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That is exactly the case in other life situations as well. We inflate things just by exaggerating the negative results in our mind. Remember, whatever happens, you have a new beginning each day. Focus on it and do lots of wonders!

6. Never stop improving yourself.

There’s always room for improvement. The most successful people are those who are not complacent. The best salesperson is the one who constantly works on making their pitch better. We all should do the same. Polish your skills, improve your learning and try to beat your fear of rejection by improving yourself each day in your life.

Apply these tips in your life and work and see the difference for yourself.

Featured photo credit: Young beautiful call center worker via shutterstock.com

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Lianne Martha Maiquez Laroya

Lianne is a licensed financial advisor, Registered Financial Planner, entrepreneur and book author.

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Last Updated on March 29, 2021

5 Types of Horrible Bosses and How to Beat Them All

5 Types of Horrible Bosses and How to Beat Them All

When I left university I took a job immediately, I had been lucky as I had spent a year earning almost nothing as an intern so I was offered a role. On my first day I found that I had not been allocated a desk, there was no one to greet me so I was left for some hours ignored. I happened to snipe about this to another employee at the coffee machine two things happened. The first was that the person I had complained to was my new manager’s wife, and the second was, in his own words, ‘that he would come down on me like a ton of bricks if I crossed him…’

What a great start to a job! I had moved to a new city, and had been at work for less than a morning when I had my first run in with the first style of bad manager. I didn’t stay long enough to find out what Mr Agressive would do next. Bad managers are a major issue. Research from Approved Index shows that more than four in ten employees (42%) state that they have previously quit a job because of a bad manager.

The Dream Type Of Manager

My best manager was a total opposite. A man who had been the head of the UK tax system and was working his retirement running a company I was a very junior and green employee for. I made a stupid mistake, one which cost a lot of time and money and I felt I was going to be sacked without doubt.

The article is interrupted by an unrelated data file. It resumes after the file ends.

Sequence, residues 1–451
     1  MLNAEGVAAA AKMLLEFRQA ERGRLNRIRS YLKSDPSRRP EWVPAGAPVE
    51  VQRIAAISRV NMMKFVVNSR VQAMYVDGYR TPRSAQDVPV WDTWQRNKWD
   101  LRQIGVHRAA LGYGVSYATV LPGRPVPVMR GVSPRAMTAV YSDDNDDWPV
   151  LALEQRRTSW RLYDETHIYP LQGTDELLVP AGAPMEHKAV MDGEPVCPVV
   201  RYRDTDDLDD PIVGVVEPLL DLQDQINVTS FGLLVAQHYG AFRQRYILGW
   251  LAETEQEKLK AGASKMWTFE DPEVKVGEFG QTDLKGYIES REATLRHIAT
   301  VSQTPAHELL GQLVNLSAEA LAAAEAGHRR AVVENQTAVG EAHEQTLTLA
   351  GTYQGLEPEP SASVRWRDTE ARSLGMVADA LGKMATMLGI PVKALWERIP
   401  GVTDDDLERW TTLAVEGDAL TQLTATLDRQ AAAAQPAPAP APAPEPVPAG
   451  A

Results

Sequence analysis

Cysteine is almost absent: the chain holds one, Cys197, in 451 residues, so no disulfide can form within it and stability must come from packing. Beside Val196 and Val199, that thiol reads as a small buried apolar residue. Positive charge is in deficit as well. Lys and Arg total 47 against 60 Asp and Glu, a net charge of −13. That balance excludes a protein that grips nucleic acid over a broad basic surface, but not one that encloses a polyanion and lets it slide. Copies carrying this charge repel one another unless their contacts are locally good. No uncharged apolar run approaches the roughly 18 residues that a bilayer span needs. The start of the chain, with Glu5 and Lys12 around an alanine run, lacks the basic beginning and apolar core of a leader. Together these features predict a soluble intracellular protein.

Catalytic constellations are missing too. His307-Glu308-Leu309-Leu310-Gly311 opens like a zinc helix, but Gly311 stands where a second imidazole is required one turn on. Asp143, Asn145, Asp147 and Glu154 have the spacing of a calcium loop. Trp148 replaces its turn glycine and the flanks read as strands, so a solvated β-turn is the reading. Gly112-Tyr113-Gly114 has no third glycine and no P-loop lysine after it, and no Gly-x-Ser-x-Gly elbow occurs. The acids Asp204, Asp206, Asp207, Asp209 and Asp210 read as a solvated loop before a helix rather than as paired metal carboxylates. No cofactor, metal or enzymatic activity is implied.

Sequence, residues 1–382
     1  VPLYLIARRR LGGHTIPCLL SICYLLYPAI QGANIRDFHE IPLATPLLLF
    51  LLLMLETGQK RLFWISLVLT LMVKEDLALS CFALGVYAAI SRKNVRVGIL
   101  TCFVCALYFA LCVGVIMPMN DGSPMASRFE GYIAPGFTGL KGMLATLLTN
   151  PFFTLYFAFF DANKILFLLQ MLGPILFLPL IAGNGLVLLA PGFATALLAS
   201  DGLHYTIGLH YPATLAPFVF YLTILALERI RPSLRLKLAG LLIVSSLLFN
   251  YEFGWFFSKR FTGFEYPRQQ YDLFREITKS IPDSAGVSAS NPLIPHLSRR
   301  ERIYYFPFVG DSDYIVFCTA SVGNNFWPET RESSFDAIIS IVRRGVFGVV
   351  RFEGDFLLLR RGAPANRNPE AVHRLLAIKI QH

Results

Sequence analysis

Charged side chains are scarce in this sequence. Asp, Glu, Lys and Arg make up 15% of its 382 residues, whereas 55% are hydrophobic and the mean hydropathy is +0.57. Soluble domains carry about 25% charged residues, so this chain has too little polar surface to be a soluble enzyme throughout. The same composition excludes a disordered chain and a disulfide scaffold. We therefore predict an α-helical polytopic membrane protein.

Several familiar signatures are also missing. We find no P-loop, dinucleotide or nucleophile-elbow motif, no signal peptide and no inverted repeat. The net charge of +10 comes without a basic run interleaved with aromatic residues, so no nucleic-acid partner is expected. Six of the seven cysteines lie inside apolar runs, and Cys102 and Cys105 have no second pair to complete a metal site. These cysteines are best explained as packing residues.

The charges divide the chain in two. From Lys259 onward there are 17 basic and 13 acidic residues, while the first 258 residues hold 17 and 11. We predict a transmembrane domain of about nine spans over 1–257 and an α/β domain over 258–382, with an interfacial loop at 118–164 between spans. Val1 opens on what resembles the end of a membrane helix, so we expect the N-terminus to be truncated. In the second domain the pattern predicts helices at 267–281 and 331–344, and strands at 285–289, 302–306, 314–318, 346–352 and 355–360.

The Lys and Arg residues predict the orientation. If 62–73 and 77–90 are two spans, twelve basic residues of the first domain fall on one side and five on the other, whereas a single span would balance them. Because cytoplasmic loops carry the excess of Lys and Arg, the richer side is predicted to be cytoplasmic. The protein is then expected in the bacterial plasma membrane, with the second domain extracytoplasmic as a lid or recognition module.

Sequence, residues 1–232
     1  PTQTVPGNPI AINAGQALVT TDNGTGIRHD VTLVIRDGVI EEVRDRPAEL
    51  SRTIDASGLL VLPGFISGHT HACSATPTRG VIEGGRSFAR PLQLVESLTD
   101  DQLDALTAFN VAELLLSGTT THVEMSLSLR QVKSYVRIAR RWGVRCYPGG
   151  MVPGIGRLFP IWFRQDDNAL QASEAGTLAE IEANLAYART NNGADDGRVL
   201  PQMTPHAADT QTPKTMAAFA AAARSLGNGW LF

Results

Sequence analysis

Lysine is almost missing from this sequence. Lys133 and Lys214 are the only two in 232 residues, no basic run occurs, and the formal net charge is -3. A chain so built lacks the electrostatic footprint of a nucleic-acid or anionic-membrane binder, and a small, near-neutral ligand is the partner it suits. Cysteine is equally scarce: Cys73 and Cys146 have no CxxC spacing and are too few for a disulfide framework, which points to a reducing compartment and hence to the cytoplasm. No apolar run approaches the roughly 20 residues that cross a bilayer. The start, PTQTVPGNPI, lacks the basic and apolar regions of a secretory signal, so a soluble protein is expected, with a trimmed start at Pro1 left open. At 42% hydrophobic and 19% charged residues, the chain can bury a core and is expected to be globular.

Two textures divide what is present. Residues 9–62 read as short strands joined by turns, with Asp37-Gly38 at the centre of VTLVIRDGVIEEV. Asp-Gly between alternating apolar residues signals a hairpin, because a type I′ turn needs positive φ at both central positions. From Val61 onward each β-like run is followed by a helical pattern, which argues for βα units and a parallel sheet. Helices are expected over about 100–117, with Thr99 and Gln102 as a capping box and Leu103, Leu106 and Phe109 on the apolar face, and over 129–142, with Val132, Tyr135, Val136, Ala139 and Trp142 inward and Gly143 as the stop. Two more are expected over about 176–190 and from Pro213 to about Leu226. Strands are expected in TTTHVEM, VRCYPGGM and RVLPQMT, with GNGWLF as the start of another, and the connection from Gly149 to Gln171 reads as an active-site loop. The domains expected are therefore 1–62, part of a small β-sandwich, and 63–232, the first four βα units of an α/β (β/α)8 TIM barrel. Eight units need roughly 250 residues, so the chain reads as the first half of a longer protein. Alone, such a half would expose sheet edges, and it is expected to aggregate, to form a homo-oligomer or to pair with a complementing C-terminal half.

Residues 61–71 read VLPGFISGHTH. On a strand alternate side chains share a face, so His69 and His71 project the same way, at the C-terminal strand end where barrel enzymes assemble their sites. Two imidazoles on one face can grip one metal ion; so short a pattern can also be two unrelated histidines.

I was nervous, beating myself up about what I had done, what would happen. At the end of the day I was called to his office, he had made me wait and I had spent that day talking to other employees, trying to understand where I had gone wrong. It had been a simple mistyped line of code which sent a massive print job out totally wrong. I learn how I should have done it and I fretted.

My boss asked me to step into his office, he asked me to sit down. “Do you know what you did?” I babbled, yes, I had been stupid, I had not double-checked or asked for advice when I was doing something I had not really understood. It was totally my fault. He paused. “Will you do that again?” Of course I told him I would not, I would always double check, ask for help and not try to be so clever when I was not!

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“Okay…”

That was it. I paused and asked, should I clear my desk. He smiled. “You have learnt a valuable lesson, I can be sure that you will never make a mistake like that again. Why would I want to get rid of an employee who knows that?”

I stayed with that company for many years, the way I was treated was a real object lesson in good management. Sadly, far too many poor managers exist out there.

The Complete Catalogue of Bad Managers

The Bully

My first boss fitted into the classic bully class. This is so often the ‘old school’ management by power style. I encountered this style again in the retail sector where one manager felt the only way to get the best from staff was to bawl and yell.